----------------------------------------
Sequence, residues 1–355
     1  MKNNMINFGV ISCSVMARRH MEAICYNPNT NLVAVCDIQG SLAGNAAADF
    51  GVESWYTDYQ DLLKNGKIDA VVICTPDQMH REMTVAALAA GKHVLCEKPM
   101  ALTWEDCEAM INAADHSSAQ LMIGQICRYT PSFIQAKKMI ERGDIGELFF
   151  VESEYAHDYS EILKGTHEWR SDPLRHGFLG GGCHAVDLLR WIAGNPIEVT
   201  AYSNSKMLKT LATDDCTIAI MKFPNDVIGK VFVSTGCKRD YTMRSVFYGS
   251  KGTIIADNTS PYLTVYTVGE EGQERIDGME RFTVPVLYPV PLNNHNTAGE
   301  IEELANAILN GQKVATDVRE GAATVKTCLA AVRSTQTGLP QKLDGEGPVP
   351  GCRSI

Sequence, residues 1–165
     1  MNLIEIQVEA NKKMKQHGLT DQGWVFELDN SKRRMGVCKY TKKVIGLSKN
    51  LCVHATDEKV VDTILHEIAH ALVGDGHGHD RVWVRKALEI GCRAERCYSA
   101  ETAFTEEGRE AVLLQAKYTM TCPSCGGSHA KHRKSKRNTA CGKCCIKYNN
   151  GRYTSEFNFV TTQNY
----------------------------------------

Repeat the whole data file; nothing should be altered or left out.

Sequence, residues 1–355
     1  MKNNMINFGV ISCSVMARRH MEAICYNPNT NLVAVCDIQG SLAGNAAADF
    51  GVESWYTDYQ DLLKNGKIDA VVICTPDQMH REMTVAALAA GKHVLCEKPM
   101  ALTWEDCEAM INAADHSSAQ LMIGQICRYT PSFIQAKKMI ERGDIGELFF
   151  VESEYAHDYS EILKGTHEWR SDPLRHGFLG GGCHAVDLLR WIAGNPIEVT
   201  AYSNSKMLKT LATDDCTIAI MKFPNDVIGK VFVSTGCKRD YTMRSVFYGS
   251  KGTIIADNTS PYLTVYTVGE EGQERIDGME RFTVPVLYPV PLNNHNTAGE
   301  IEELANAILN GQKVATDVRE GAATVKTCLA AVRSTQTGLP QKLDGEGPVP
   351  GCRSI

Sequence, residues 1–165
     1  MNLIEIQVEA NKKMKQHGLT DQGWVFELDN SKRRMGVCKY TKKVIGLSKN
    51  LCVHATDEKV VDTILHEIAH ALVGDGHGHD RVWVRKALEI GCRAERCYSA
   101  ETAFTEEGRE AVLLQAKYTM TCPSCGGSHA KHRKSKRNTA CGKCCIKYNN
   151  GRYTSEFNFV TTQNY